Tuesday, May 13, 2008

Mourning The Sichuan Quake Victims

Less than a year ago, the Curmudgeon family enjoyed an extended vacation in Sichuan province, site of the massive earthquake that struck China two days ago.

We spent most of our time in and around Chengdu, the capital of Sichuan, which has a population of more than 10 million people. Part of our travels included a trip to Mt. Emeishan, a 10,000 foot summit that houses one of China's major Buddhist shrines. (Below is one of our photos of the gold Buddha near the summit.) Mt. Emeishan is right on the edge of the mountains where the quake was centered, but probably 50-80 miles south of the epicenter.

We have many fond memories of our travels through Sichuan, especially of the hospitality shown to us by many Chinese, who, like Americans, tend mostly to be friendly toward foreigners and proud of their tourist attractions and history.

China is a real mix of the old and new these days. Chengdu is home to many modern office towers, hotels and high rise apartment buildings, most of which likely survived the shock with little or no damage.

By the same token, travelling through the Chinese countryside, one sees many old, smaller buildings that are having enough trouble just standing up on an ordinary day. Some of the smaller towns and cities have modern structures, others don't. And some of the larger buildings that are 20 or more years old probably would not withstand a large quake.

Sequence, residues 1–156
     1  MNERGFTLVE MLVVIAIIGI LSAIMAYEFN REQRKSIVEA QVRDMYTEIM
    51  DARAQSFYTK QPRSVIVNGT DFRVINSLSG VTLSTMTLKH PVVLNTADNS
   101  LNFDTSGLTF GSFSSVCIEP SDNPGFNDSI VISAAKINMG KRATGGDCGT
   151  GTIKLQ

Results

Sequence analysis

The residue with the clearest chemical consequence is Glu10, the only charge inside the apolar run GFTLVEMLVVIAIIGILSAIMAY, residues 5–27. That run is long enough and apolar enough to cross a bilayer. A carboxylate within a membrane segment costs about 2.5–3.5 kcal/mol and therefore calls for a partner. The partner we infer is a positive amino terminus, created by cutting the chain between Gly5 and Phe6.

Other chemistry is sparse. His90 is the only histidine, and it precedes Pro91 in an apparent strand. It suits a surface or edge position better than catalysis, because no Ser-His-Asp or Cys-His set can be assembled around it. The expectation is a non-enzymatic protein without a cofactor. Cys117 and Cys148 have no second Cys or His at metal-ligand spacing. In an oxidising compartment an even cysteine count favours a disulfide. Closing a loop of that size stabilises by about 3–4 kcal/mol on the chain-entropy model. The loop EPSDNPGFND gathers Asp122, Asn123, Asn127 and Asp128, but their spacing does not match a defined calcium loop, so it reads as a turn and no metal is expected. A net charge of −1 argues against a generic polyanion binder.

The photo below is of the Curmudgeon's father-in-law's ancestral home in China, which at one time (pre-Chinese revolution) was a magnificent estate in southeastern Sichuan, near Zigong. In the countryside, millions of Chinese still live in dwellings like this--and far worse--which could fare poorly in a large earthquake.

Thus, it is not that surprising to us that some important buildings, such as a hospital and several schools, collapsed. Sichuan Province has a population of nearly 90 million people, and it appears that tens of thousands lost their lives. Bad as that is, a 1976 quake levelled the Chinese city of Tangshan, killing more than 250,000. Very few structures in China at that time could withstand a major earthquake.

We almost took a side-trip from Chengdu to a tourist site that represents an example of ancient irrigation practices, and that is near one of China's largest panda preserves, which would have put us almost exactly at the epicenter of this recent temblor. While we didn't head in that direction, it is pretty clear based on our other road travels through the countryside that many roads would easily become blocked with fallen rocks, or made impassable by collapsed bridges and broken pavement, in any type of major earthquake, so we're not surprised by reports that rescue crews are having trouble reaching the hardest hit regions.

Our hearts go out to the victims of this most recent earthquake in China, in a region we've so recently toured, and where we were touched by the people and their hospitality toward us.

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